Nineshift is an interesting blog that touches on future developments in work, life, and education. Right now they are doing a series on post-petroleum transportation and link to an article by Neil Peirce in the Seattle Times on light rail developments in various US cities. For example, check out the Purple Line being considered in DC:
So, let’s talk about Pittsburgh. We just spent millions of dollars on light rail…to build a tunnel UNDER the Allegheny River to the stadiums. Yeah, that’ll help commuters. Whatever happened to the East Hills? Or for that matter, the North Hills? That’s right, we have buses…except that the number of routes have been cut, and money is being spent on expensive trips and gifts.
Maglev seems to have died a slow death, and there’s still no replacement. So a two million plus population metropolitan area has few light rail options and nothing is in sight but vaporware. But hey, we got a spur linking us to our shiny new stadiums!
And let’s talk about Route 28 a moment, shall we?
In his book Citizen Soldiers, Stephen Ambrose tells how in the beginning of America’s involvement in World War II they laid 200 miles of road in two months – roads, mind you, that had to bear the weight of Tanks! The M4 Sherman, mind you, weight 30 TONS!
Now, it takes Penndot 2 YEARS to pave six miles of road on Route 28? And Route 22? And we won’t even mention the fact that they’ve managed to tie up most of the main arteries in and out of the city this summer – yeah, that’s visitor friendly…
Well, I guess that’s what happens when you go with the lowest bidders. Anybody have any ideas on how PernnDOT could improve within the scope of their budget?
I like to think of myself as being pretty up to date with technology, but something happened the other day that showed me I’m getting old.
I was in the bathroom at work- a fairly conservative engineering firm – and I was done with my business and washing my hands, when I heard beeping and booping and music from the the stalls. Then I heard the sound of a laser firing and a hit being made.
Okay, I admit that a lot of guys take newspapers and magazines to the bathroom. Personally, I don’t get it because I don’t enjoy sitting there with my pants down and smelling the, uh, smells. But whatever.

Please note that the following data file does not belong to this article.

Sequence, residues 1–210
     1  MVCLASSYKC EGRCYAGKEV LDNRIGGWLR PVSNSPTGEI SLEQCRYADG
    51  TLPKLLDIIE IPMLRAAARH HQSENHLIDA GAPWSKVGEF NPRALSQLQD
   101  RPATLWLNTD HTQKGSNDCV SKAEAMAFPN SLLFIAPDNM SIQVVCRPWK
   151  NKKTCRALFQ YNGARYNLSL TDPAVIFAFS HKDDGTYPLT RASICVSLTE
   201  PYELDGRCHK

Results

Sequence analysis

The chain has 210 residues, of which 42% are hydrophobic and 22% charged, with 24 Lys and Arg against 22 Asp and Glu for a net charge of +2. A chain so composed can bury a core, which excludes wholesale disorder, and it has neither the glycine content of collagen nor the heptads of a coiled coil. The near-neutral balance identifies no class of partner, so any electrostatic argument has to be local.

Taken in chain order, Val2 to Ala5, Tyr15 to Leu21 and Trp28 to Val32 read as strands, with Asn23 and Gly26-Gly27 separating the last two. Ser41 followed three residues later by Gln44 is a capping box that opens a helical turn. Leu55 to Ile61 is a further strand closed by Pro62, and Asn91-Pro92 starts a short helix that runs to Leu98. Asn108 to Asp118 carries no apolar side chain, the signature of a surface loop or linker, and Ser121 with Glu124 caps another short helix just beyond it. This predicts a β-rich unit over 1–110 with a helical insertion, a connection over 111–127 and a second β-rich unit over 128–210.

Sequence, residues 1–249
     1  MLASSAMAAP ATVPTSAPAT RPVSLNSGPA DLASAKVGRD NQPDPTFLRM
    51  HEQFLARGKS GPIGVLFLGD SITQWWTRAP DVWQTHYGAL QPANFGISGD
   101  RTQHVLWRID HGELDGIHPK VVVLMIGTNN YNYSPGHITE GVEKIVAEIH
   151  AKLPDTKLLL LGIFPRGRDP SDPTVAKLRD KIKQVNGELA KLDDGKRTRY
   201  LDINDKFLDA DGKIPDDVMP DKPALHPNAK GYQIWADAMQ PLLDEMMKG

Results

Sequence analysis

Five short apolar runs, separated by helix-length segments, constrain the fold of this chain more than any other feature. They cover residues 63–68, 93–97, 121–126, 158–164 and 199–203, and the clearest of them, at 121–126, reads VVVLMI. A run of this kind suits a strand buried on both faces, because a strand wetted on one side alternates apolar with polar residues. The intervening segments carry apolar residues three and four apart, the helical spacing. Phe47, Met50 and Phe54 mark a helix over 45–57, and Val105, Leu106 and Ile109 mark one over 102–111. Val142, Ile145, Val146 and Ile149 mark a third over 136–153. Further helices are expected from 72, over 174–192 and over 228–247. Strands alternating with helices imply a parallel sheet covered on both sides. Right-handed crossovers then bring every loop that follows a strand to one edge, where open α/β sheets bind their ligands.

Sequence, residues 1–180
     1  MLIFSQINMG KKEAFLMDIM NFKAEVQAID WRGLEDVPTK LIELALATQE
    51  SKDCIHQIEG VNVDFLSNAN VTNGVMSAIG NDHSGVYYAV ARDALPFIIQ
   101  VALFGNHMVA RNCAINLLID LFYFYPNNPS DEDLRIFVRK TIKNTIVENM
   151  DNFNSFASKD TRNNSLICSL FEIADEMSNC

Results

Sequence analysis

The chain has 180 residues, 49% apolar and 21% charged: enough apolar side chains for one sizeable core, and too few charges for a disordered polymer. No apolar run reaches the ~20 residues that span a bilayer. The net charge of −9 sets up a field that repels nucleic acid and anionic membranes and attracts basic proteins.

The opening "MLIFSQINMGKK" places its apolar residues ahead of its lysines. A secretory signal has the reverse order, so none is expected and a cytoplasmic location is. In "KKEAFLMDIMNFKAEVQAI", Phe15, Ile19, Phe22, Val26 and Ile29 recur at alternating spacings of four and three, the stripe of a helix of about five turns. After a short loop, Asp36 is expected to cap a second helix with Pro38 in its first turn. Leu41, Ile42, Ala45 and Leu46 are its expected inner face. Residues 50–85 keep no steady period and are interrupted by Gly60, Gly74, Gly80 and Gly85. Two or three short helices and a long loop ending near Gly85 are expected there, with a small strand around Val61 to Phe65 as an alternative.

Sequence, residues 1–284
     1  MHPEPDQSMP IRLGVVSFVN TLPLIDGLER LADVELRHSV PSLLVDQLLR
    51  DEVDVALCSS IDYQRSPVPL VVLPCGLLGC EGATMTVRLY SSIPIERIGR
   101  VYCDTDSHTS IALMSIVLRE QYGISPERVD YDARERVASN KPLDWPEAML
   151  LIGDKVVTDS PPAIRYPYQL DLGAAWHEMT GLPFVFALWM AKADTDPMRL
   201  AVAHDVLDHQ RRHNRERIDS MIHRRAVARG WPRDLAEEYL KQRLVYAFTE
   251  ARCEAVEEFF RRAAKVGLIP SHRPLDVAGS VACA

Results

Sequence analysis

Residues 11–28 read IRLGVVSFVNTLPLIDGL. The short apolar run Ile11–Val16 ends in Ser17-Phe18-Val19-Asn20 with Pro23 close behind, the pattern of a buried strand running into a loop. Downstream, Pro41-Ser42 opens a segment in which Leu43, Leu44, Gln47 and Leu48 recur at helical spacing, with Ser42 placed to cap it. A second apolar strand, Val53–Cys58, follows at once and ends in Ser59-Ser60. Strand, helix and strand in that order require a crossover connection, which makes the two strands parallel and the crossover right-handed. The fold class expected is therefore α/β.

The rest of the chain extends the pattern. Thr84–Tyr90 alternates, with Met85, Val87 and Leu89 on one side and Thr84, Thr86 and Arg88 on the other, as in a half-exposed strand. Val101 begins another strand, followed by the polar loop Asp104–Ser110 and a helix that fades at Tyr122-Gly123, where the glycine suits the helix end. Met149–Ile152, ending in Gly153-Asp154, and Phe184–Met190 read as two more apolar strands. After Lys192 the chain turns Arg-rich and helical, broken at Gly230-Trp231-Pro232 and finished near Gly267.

I gotta say, though, this is the first time I’ve heard anyone take a videogame into the bathroom instead!
Am I just getting old? Or is this pretty normal?
I’m not one for writing on politics, and I rarely rant on anything. I’m also taking my life in my hands to criticize the Pittsburgh Penguins, who just smashed the Ottawa Senators and may be on their way to another Stanley Cup. (Note: Go Pens!)
But I had to get this one off my chest. I have a four and a half year old boy. He’s my greatest treasure. And this one’s for him. Note: He’s a Pens fan too!
Back at the end of March, the Children’s Center for Creative Play in Edgewood closed down. My son has been there numerous times and enjoyed himself. It was a place where there was lots to do and where he could, dare I say it, exercise his creativity. In this day an age, especially with globalization, creativity is a pretty important thing. Just read A Whole New Mind by Dan Pink.
Anyway, the Center closed due to lack of funding. So let me get this straight: we can build not one, not two, but THREE sports arenas for millionaire athletes playing CHILDREN’s games, but we can’t take care of our own children? Where are the priorities in this city? Mr. Ravenstahl, are you not supposed to be a fresh new face doing things different? No, you’re just like your predecessors pandering to the big money donors and ignoring the little people. Wouldn’t creative, well-educated kids make a bigger difference in our ACT 47 city than a new hockey arena, a casino, and so on?
I guess not.
I encourage everyone to fight for the Center for Creative Play – there’s a group trying to save it at THIS WEBSITE.
What do you think? Is it worth saving?